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Every year, a section of streets in the Entrerrian capital is dyed with candombe, colors and smiles . Paintings on the faces, children running around and people dancing everywhere. Flags that unfold on top, messages of struggle and the scent of diversity that can be felt in the air. The appointment is always the weekend prior to October 12 and becomes an unparalleled plan. The counterbalance attempts to make visible some aspects of the African and indigenous cultures that existed in the area before European colonization . It is a manifestation where art and resistance are combined to become one.
Its organizers define it as an attempt to foster a space for collective reflection . It also maintains a deep vocation to revitalize our identity without omissions or distortions . This means that it fights neoliberal globalization, selfishness and marginalization, but through love and rhythm . It does so in the conviction of respect for the different ethnic groups and in the pursuit of national multiculturalism , which provides equal opportunities. Therefore, we can hear the drums invade the Paranaenses corners and watch them advance in powerful columns. And among the crowd we see coming out to the certainty that the construction is strengthened more and more.
The counterbalance was born at the end of 2002 , when the country was going through a very special moment. In a context of crisis and social boiling, the idea of a legitimate expression of new inclusive thinking began to emerge. It was also intended to be an annual sample of the first drum string in the city, “Tambor Nation” . Which depended on the Afro-Uruguayan Candombe School. In this way, it was decided to make a call that would go through the old Barrio del Tambor . The latter was a settlement of Afro-descendents from the middle of the 19th century near the Church of San Miguel de Paraná.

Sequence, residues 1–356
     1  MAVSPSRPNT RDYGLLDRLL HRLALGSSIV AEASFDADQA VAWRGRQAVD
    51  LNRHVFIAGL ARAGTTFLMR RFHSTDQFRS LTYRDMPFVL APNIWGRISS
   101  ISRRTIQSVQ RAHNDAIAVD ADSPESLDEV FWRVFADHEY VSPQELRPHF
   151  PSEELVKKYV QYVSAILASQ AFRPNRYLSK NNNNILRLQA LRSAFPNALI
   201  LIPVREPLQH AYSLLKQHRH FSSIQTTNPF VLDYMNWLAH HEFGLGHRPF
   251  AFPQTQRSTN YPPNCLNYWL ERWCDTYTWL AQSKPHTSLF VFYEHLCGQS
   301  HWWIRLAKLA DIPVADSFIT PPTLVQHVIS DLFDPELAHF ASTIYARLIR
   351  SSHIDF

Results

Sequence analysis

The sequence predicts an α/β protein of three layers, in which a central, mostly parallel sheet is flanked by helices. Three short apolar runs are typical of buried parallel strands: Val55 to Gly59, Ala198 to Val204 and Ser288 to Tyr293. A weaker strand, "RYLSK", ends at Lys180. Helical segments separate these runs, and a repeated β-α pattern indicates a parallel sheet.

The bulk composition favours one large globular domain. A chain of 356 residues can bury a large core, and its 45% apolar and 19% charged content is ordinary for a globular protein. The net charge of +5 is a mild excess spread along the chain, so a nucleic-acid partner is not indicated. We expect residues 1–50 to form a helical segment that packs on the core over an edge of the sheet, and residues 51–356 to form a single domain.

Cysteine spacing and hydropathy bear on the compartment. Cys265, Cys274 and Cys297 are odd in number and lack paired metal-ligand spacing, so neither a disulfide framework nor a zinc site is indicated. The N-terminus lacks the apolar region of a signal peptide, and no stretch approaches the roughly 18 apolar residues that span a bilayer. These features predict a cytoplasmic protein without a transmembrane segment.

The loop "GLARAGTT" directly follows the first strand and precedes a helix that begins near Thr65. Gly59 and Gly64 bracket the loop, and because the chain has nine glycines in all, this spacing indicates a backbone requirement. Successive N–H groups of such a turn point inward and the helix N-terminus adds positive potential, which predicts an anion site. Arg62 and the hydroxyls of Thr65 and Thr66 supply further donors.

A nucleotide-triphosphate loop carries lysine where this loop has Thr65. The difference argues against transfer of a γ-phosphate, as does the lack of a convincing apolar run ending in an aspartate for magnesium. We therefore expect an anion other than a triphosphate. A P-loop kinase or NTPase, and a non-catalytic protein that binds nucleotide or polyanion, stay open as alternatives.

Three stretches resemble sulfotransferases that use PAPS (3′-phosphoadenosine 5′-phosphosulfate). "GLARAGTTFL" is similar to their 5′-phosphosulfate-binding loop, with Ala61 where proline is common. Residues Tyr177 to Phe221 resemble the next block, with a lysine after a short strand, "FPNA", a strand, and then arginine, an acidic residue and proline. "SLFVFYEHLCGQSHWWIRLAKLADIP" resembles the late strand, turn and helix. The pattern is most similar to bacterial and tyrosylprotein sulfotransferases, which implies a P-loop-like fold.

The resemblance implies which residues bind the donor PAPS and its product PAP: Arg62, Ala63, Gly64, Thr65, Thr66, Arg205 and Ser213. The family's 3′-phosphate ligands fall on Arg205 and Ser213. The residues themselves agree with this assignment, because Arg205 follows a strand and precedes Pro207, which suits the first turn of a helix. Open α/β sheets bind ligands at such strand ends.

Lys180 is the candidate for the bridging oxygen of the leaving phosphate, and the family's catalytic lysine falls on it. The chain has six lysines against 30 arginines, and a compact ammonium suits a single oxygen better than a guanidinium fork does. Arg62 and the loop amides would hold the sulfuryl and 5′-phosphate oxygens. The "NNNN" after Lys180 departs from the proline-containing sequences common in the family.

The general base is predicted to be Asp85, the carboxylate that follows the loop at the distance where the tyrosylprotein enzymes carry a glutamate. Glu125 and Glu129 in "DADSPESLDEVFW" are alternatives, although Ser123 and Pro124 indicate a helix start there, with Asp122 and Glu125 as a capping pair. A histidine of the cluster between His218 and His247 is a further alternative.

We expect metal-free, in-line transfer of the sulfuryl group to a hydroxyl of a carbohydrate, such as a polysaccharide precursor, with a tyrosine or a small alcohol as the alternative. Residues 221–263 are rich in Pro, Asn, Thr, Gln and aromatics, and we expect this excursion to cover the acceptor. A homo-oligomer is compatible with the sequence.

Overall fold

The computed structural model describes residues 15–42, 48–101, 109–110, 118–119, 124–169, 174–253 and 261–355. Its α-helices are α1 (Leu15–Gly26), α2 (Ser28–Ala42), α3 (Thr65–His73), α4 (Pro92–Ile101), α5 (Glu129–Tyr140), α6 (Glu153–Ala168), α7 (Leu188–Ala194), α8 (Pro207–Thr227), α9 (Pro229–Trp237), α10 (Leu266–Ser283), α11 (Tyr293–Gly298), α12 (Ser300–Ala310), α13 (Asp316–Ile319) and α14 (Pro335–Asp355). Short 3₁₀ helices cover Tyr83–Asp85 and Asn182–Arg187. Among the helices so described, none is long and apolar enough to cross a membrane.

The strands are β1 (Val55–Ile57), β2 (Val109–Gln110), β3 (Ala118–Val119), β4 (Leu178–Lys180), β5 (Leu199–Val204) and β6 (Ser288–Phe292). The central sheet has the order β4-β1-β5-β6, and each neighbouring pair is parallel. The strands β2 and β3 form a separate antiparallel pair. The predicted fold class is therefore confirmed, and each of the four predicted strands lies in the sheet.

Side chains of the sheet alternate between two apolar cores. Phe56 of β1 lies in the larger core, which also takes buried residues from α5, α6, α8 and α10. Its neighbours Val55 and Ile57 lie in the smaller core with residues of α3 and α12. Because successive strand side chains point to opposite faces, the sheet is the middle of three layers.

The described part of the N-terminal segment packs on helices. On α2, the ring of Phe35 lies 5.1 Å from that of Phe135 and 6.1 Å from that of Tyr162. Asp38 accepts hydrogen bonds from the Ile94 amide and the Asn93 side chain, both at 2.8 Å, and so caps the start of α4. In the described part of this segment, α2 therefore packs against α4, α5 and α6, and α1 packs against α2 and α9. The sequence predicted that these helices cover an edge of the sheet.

The event was growing in call and other artistic and cultural movements, trade unions and people who enriched it joined the organization. As for the date, the previously called “Day of Race” was the ideal pretext for counterfeiting . Thus, it was intended to combat the concept that America had benefited after the discovery of Christopher Columbus. In this sense, the celebration aims to remind us that Argentina was founded on the sacrifice and genocide of indigenous peoples. But also about Africans brought as slaves to the continent.
The scenarios changed over time. At first, the counterfeiting took place in the Baucis Passage , a special place in the capital with cobblestones and colonial cobblestones. In 2007 he moved only to the corner of San Martín and Buenos Aires streets . It happens that the Passage had drawbacks related to capacity and comfort for the number of people, which was increasing. For these reasons, he left and returned from Baucis several times in his later additions.However, in 2019 he moved to the local New Port to honor the cultural diversity along the Paraná River .
Counterfesting is organized in a self-managed and collective manner. So all decisions are taken together and with the greatest possible participation. During all his years of history on the street he never lost the central axis that mobilizes his struggle . That is, the cultural claim of the rights of people of African descent and indigenous peoples. Through music and candombe, it became a tool that connects us with our ancestral roots. A unique moment of the year, when drums start to sound and joy and dance take over the city .
Publication Date: 12/10/2020
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